Academic journal article Duke Environmental Law & Policy Forum

Regional Ocean Governance: A Look at California

Academic journal article Duke Environmental Law & Policy Forum

Regional Ocean Governance: A Look at California

Article excerpt


There is renewed interest and momentum in the United States for regional approaches to protect and manage ocean and coastal resources. Both the Pew Oceans Commission ("Pew") (1) and the U.S. Commission on Ocean Policy ("USCOP") (2) reports recommended the initiation of regional approaches to ocean and coastal management throughout the nation. Natural resources and ecosystems do not necessarily coincide with geopolitical boundaries, and our ability to implement ecosystem-based approaches has suffered as a result. Regional approaches can help resource managers account for more factors that affect a particular resource or ecosystem, not simply the ones that fall within a particular jurisdiction.

Because California's 1,100 mile coastline spans multiple bioregions, jurisdictions, and a diversity of resources, the state (by necessity) has developed a number of new and innovative regional approaches to address ocean and coastal management. (3) Within the political boundaries of the state, regional approaches have been driven by natural biogeographic and socioeconomic boundaries of the target resources or management issues. For example, California developed (1) the Coastal Sediment Management Workgroup, which uses littoral cells (a complete cycle of sedimentation including sources, transport paths, and sinks) as the basis for evaluating and managing sediment transport issues; (4) (2) the Marine Life Protection Act Initiative, which uses a science-based regional approach to assess the adequacy of the existing array of marine protected areas; (5) and (3) the Southern California Wetlands Recovery Project for wetland restoration and management in the Southern California Bight. (6) These regional approaches were designed to bring together stakeholders, agency missions, budgets, and in-kind efforts in a way that produces a sum that is greater that its parts.

While these examples focus on one particular resource management issue, the state of California has also created a statewide ocean protection and management council. (7) This council could ultimately serve as the southwest regional portion of a Pacific coast regional effort if California, Oregon, and Washington establish a three state regional approach, which is suggested in the recommendations from the Pew and the USCOP reports. (8) The California Ocean Protection Council is currently developing a strategic vision for California that is intended to improve coordination and effectiveness of ocean and coastal resource management. (9) To date, most regional efforts have occurred along California's 1,100 mile coast, but as suggested above, the state is currently evaluating the utility of expanding these approaches to collaborate with Oregon and Washington. Using California as an example, this paper will evaluate potential for regional approaches driven by research and resource management needs.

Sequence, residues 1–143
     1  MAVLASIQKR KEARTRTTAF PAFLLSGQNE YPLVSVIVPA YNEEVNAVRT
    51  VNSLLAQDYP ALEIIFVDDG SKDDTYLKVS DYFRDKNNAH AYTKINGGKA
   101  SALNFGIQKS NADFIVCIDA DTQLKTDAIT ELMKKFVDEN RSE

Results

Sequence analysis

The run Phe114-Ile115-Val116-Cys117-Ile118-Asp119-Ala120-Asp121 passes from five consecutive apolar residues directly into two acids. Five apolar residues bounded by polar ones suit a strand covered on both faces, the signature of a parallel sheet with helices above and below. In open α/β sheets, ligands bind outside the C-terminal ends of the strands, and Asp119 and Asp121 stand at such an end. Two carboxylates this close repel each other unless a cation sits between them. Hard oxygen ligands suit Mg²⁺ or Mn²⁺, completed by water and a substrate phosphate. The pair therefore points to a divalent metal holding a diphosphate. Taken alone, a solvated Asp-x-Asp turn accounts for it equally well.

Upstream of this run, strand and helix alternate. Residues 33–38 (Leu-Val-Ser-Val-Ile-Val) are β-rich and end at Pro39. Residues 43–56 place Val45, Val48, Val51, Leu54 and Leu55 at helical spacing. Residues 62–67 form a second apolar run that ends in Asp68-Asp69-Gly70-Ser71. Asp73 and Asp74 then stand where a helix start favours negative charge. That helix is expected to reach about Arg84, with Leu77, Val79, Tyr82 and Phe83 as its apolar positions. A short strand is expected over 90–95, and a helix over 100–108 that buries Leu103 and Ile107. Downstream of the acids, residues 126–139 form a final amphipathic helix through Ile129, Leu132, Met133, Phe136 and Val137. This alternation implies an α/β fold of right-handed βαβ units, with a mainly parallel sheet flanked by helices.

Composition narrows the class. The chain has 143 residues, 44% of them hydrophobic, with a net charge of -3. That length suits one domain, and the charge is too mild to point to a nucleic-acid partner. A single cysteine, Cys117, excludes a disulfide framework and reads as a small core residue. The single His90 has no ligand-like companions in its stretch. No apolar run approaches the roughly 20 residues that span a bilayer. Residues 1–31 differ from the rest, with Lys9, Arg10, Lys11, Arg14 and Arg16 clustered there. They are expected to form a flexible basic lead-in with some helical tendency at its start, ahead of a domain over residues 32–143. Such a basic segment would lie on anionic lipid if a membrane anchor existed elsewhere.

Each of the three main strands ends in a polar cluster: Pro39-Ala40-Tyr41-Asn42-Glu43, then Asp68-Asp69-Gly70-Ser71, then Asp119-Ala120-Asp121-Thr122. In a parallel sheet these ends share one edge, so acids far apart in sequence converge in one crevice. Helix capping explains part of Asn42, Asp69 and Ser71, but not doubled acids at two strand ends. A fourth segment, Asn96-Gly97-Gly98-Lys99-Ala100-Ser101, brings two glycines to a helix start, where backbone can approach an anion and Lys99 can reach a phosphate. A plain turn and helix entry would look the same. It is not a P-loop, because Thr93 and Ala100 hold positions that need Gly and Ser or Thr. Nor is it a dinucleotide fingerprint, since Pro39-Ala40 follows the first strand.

Of the 34 million people living in California in 2000, 77% lived in coastal counties, which represents 25% of California's land. (10) California's population continues to grow, which places continually increasing pressure on natural resources. In July 2005, California held an ocean economic summit in Long Beach and released a report produced by the National Ocean Economics Program. (11) This report detailed the coastal economy in California and found that in 2000, the overall value of the coastal economy in California was $42.9 billion, and it created nearly 700,000 jobs. (12) This was driven primarily by the transportation and tourism sectors. For example, in 2000, California had three of the four largest ports in the United States (Los Angeles, Long Beach, and Oakland) in terms of cargo volume, (13) and in 2005, California was the number one travel destination in the United States. (14) This report highlighted the importance of ocean and coastal resources not only for their intrinsic value and use by future generations, but also for the health of "the economies of California and the nation as a whole. …

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